The role of art as a form of political protest has been brought vividly to life for over 100 London schoolchildren, thanks to a National Art&Design Saturday Club masterclass with Turner Prize-winning artist Jeremy Deller.
The 14 and 15 year olds from schools across London spent a day with Deller creating large painted protest banners on issues including war, the environment, and education.
The day also included a Q&A session with Deller on his work and career as an artist and a musical portraiture game, which saw students from three different UAL National Art&Design Saturday Club groups get to know each other by making three-minute drawings of each other to a soundtrack they had created collectively. The day concluded with a procession of the banners through the main street of UAL’s campus for Central Saint Martins at King’s Cross.
The event aimed to raise students’ awareness that art is part of their everyday life and can be a powerful way to make your voice heard.
“I learned that it isn’t only drawings that are art, but also things like a poster or a piece of music,” commented one student. Another added: “I learned that designs don’t have to be complex to get your message across.”
“It was genuinely a pleasure to give the masterclass,” said Jeremy. “A very thought-provoking day all round.”
Explaining the importance of art and design masterclasses, Nigel Carrington, Vice-Chancellor of UAL, added:
“The UK is renowned worldwide as a creative nation, and our creative and cultural sector is a huge generator of exciting job opportunities for young people. We want everyone with an enthusiasm for art and design to be able to develop their talent and take advantage of the incredible variety of careers that the creative industries offer. With these subjects increasingly falling out of squeezed school curricula, Saturday clubs are a tremendously important way of supporting creative learning. We are hugely grateful to Jeremy Deller for giving his time to inspire the next generation of creative innovators.”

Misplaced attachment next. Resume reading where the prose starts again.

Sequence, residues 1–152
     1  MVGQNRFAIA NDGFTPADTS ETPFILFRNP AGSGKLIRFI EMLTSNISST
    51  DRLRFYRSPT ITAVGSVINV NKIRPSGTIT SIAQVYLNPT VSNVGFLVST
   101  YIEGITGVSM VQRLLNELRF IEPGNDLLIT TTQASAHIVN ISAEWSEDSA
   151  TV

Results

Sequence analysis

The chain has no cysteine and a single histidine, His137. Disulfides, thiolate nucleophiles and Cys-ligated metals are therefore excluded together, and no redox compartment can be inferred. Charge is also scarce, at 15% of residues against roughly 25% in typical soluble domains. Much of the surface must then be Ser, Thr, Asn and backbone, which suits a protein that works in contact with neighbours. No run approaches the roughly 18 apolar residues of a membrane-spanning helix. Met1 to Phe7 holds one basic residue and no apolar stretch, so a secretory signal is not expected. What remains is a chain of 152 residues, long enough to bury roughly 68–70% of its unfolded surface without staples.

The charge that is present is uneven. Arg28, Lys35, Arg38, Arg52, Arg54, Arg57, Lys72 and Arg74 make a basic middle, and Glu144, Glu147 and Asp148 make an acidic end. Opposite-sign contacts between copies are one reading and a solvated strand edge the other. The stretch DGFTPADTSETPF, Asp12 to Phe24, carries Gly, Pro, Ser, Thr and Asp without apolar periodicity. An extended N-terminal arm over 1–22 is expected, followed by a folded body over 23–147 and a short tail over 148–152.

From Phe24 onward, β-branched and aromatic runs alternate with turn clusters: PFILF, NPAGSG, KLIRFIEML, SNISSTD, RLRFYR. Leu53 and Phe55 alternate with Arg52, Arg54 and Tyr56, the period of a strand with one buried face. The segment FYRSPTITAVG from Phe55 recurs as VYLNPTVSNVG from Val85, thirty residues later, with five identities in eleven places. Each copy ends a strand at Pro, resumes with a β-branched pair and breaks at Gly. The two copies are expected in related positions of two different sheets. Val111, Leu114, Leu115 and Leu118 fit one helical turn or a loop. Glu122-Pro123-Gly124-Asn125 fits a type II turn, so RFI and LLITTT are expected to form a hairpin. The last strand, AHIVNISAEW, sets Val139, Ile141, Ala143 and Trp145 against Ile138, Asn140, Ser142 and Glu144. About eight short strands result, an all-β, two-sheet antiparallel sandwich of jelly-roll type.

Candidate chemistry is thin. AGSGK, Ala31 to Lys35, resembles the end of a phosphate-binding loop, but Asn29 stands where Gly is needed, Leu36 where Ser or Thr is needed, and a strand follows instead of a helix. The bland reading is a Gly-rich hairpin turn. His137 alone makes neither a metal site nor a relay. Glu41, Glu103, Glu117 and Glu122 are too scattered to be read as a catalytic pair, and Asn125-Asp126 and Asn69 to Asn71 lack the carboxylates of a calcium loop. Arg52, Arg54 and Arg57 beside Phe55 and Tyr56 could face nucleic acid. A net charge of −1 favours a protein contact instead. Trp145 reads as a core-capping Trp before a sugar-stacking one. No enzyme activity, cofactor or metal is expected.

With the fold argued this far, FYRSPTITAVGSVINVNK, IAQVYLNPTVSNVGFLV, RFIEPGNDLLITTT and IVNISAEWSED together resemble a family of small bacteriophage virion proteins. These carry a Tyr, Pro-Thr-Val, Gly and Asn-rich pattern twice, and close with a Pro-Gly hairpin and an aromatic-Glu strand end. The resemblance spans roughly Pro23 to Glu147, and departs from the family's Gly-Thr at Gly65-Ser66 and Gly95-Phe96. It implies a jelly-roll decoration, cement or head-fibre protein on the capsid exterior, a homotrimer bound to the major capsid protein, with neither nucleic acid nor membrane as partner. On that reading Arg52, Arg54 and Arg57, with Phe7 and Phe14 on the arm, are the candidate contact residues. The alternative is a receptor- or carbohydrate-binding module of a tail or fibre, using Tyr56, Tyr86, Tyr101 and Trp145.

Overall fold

The visiting students are all taking part in UAL’s Saturday Drawing Programme, a 16-week course that brings them to UAL every Saturday morning to work with UAL tutors and students. It is built around the UAL Awarding Body’s Level 2 Award in Drawing, and is part of the University’s widening participation programme and the Sorrell Foundation’s National Art & Design Saturday Club.
Sir John Sorrell, co-founder of the Sorrell Foundation and Chair of UAL’s Board of Governors, welcomed the students by telling them that his distinguished career in the creative sector was kicked off by Saturday morning classes at Hornsey College of Art.
The Sorrell Foundation now facilitates Saturday Clubs in 33 art and design colleges across the UK, which provide young people aged 14-16 with the unique opportunity to study art and design every Saturday morning at their local college or university for free and culminate in an exhibition of work by all students involved at London’s Somerset House in June.
The Sorrell Foundation is a charity set up by John and Frances Sorrell in 1999 with the aim of inspiring creativity in young people and improving lives through design.